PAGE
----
Environmental impact on DO
Since most aquatic organisms require dissolved O2, the oxygen content of a water body is often used to assess its health. Oxygen levels in water bodies can be affected by a number of different environmental issues. For example, runoff associated with logging or agricultural waste can carry excess organic material into water bodies, which can lead to O2 depletion as the material decomposes.
Another problem is excessive nutrients that can enter water bodies through runoff from fertilizers on agricultural land or recreational areas (e.g., golf courses) or from wastewater treatment plants. Excessive nutrients can lead to algal blooms, a process known as eutrophication. Algal blooms can prevent light from reaching aquatic plants, and dead algae provide a source of organic matter that can lower oxygen levels as it decomposes. As the dead algae sink, this problem particularly affects deeper water layers and animals that live on the bottom or bed of the water body.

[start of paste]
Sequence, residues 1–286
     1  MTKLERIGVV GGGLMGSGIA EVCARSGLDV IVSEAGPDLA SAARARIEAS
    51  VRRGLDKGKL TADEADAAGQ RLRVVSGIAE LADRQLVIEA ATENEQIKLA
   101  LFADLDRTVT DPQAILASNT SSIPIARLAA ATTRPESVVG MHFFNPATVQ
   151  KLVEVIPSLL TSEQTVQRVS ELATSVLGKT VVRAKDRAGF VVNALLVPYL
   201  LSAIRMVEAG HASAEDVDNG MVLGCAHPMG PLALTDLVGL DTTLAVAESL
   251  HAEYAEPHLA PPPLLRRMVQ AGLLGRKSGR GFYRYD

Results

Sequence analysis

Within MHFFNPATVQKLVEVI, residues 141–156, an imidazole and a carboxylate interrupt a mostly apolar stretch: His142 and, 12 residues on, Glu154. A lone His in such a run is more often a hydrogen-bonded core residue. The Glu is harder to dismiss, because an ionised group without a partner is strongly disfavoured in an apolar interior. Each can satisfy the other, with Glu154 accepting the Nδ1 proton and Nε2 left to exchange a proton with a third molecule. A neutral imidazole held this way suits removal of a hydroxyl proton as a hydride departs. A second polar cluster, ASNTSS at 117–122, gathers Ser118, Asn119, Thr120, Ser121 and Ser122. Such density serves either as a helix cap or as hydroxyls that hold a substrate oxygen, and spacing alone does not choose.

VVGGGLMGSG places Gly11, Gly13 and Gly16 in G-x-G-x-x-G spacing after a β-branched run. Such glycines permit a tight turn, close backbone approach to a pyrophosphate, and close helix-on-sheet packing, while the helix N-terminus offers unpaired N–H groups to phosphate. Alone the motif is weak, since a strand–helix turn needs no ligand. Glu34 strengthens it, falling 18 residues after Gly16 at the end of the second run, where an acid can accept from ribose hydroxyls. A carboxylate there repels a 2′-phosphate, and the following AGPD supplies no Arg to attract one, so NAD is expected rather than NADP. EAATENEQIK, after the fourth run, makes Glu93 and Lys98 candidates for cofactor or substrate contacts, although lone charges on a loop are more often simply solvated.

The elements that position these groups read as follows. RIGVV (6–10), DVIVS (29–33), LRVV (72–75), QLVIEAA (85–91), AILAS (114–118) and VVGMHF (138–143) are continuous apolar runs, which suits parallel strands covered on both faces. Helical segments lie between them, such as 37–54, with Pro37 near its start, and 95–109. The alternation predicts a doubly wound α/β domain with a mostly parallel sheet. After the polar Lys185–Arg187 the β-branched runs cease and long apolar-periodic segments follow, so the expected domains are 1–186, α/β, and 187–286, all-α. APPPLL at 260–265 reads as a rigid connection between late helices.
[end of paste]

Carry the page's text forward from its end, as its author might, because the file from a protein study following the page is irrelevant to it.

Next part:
Riparian vegetation (plants that live on the banks of a stream or river) protects the oxygen levels of streams by providing shade that keeps the water cool. However, when this vegetation is removed, the water temperature may increase, resulting in a corresponding drop in oxygen levels.